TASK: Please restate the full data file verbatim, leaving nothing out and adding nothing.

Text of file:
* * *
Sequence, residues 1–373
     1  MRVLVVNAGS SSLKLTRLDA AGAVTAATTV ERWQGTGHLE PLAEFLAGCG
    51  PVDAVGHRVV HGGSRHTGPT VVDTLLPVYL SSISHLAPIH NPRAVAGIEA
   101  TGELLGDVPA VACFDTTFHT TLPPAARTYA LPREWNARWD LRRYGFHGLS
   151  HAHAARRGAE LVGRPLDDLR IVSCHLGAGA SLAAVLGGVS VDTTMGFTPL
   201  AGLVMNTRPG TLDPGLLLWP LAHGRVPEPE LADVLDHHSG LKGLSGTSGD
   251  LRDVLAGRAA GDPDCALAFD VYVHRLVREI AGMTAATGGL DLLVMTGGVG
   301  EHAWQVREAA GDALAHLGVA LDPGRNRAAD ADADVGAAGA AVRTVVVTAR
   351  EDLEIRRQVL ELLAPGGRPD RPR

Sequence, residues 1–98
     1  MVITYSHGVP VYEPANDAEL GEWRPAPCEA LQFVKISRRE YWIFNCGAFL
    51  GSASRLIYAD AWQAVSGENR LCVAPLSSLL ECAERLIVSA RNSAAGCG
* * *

Sequence, residues 1–373
     1  MRVLVVNAGS SSLKLTRLDA AGAVTAATTV ERWQGTGHLE PLAEFLAGCG
    51  PVDAVGHRVV HGGSRHTGPT VVDTLLPVYL SSISHLAPIH NPRAVAGIEA
   101  TGELLGDVPA VACFDTTFHT TLPPAARTYA LPREWNARWD LRRYGFHGLS
   151  HAHAARRGAE LVGRPLDDLR IVSCHLGAGA SLAAVLGGVS VDTTMGFTPL
   201  AGLVMNTRPG TLDPGLLLWP LAHGRVPEPE LADVLDHHSG LKGLSGTSGD
   251  LRDVLAGRAA GDPDCALAFD VYVHRLVREI AGMTAATGGL DLLVMTGGVG
   301  EHAWQVREAA GDALAHLGVA LDPGRNRAAD ADADVGAAGA AVRTVVVTAR
   351  EDLEIRRQVL ELLAPGGRPD RPR

Sequence, residues 1–98
     1  MVITYSHGVP VYEPANDAEL GEWRPAPCEA LQFVKISRRE YWIFNCGAFL
    51  GSASRLIYAD AWQAVSGENR LCVAPLSSLL ECAERLIVSA RNSAAGCG